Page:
- a fragment, especially of broken earthenware.
- a scale.
- a shell, as of an egg or snail.
- Entomology. an elytron of a beetle.
Origin of shard
Examples from the Web for shard
Shard glass from the historic church was recently donated to the museum, which is scheduled to open in 2015.50 Years Later: The 16th Street Baptist Church Bombing
Lottie L. Joiner
September 15, 2013
The Brooklyn Bridge, London's Shard, Notre Dame—each structure is an expedition waiting to happen.The Week’s Best Longreads for March 16, 2013
March 16, 2013
One person who wasn't impressed by Prince Andrew's abseil down the Shard: writer Grace Dent.Underwhelmed by Andy
September 6, 2012
Here's Prince Andrew abseiling down the Shard in London earlier this week.The Grand Old Duke Of York
September 6, 2012
She turned away from the audience to smash a glass goblet, raising a shard to her throat.Jane Fonda’s New Biography: 14 Juicy Bits
August 23, 2011
And, faster and faster still, they crashed into the shard of steel.The Trail of '98
Robert W. Service
He picked up a shard of rubidium that served as a paper weight and toyed with it.The Stutterer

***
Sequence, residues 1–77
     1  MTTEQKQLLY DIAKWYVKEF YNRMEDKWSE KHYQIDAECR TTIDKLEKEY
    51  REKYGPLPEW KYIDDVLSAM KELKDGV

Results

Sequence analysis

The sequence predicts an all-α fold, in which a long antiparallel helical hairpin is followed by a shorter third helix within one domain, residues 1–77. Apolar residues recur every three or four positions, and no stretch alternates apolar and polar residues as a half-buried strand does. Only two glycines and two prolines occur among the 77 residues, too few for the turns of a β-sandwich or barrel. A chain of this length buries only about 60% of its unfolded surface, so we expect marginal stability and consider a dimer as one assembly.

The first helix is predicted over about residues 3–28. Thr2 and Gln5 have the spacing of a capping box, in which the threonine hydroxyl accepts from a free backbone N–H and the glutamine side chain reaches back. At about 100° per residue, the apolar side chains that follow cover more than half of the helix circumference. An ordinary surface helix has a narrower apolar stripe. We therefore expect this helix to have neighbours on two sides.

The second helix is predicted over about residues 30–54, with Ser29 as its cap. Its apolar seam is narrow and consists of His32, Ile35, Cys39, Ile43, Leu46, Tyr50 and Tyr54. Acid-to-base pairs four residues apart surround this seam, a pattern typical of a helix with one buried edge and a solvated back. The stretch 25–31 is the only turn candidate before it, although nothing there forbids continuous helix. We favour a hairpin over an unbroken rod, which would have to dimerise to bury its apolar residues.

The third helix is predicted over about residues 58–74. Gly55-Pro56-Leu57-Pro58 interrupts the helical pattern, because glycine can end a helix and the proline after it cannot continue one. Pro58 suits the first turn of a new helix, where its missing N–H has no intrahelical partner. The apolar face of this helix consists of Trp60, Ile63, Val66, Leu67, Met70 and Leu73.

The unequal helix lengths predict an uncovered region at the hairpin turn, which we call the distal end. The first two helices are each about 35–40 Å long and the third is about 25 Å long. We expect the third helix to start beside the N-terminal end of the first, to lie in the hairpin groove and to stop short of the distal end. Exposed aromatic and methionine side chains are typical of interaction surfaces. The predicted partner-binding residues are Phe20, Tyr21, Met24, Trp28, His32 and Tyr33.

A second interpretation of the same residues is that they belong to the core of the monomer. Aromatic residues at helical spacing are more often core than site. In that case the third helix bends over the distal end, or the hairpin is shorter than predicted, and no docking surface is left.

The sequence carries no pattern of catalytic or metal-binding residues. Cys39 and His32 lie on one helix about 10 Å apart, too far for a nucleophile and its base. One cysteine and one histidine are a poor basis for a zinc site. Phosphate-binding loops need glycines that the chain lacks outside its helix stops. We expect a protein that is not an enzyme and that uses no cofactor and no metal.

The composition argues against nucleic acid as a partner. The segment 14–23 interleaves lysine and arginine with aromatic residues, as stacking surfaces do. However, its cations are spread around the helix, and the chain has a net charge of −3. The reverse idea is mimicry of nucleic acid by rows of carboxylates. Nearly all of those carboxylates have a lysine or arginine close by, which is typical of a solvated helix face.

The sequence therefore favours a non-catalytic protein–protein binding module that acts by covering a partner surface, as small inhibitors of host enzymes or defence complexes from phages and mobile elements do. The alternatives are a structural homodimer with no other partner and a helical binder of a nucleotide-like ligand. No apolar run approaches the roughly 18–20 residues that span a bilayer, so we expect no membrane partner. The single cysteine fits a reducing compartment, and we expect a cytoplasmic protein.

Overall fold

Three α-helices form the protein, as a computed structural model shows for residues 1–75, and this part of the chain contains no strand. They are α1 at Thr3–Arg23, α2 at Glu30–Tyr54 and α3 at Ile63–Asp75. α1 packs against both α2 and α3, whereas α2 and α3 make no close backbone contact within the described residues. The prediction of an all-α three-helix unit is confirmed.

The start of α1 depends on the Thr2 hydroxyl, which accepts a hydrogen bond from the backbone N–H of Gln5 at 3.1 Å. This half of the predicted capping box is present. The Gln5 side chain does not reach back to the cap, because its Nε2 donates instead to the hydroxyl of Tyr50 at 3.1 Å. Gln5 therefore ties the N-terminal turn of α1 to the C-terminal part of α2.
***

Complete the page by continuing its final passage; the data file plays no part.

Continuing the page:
On the floor under where it should have been I caught the flash of light from a shard of glass.The Gallery
Roger Phillips Graham
Well, look at the figures and lettering on the shard; you can see those.
Then, as he examined them, he saw that the shard and the four films had been changed.
- a broken piece or fragment of a brittle substance, esp of pottery
- zoology a tough sheath, scale, or shell, esp the elytra of a beetle
Word Origin and History for shard
also sherd, Old English sceard "incision, cleft, gap; potshard, a fragment, broken piece," from Proto-Germanic *skardas (cf. Middle Dutch schaerde "a fragment, a crack," Dutch schaard "a flaw, a fragment," German Scharte "a notch," Danish skaar "chink, potsherd"), a past participle from the root of Old English sceran "to cut" (see shear). Meaning "fragment of broken earthenware" developed in late Old English. Used late 14c. as "scale of a dragon." French écharde "prickle, splinter" is a Germanic loan-word.